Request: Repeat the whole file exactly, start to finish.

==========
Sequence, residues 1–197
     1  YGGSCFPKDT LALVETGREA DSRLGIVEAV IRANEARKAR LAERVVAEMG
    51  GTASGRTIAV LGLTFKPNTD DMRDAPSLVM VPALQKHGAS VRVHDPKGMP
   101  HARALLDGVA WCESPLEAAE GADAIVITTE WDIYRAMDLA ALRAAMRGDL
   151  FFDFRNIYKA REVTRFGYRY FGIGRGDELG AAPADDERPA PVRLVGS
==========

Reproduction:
Sequence, residues 1–197
     1  YGGSCFPKDT LALVETGREA DSRLGIVEAV IRANEARKAR LAERVVAEMG
    51  GTASGRTIAV LGLTFKPNTD DMRDAPSLVM VPALQKHGAS VRVHDPKGMP
   101  HARALLDGVA WCESPLEAAE GADAIVITTE WDIYRAMDLA ALRAAMRGDL
   151  FFDFRNIYKA REVTRFGYRY FGIGRGDELG AAPADDERPA PVRLVGS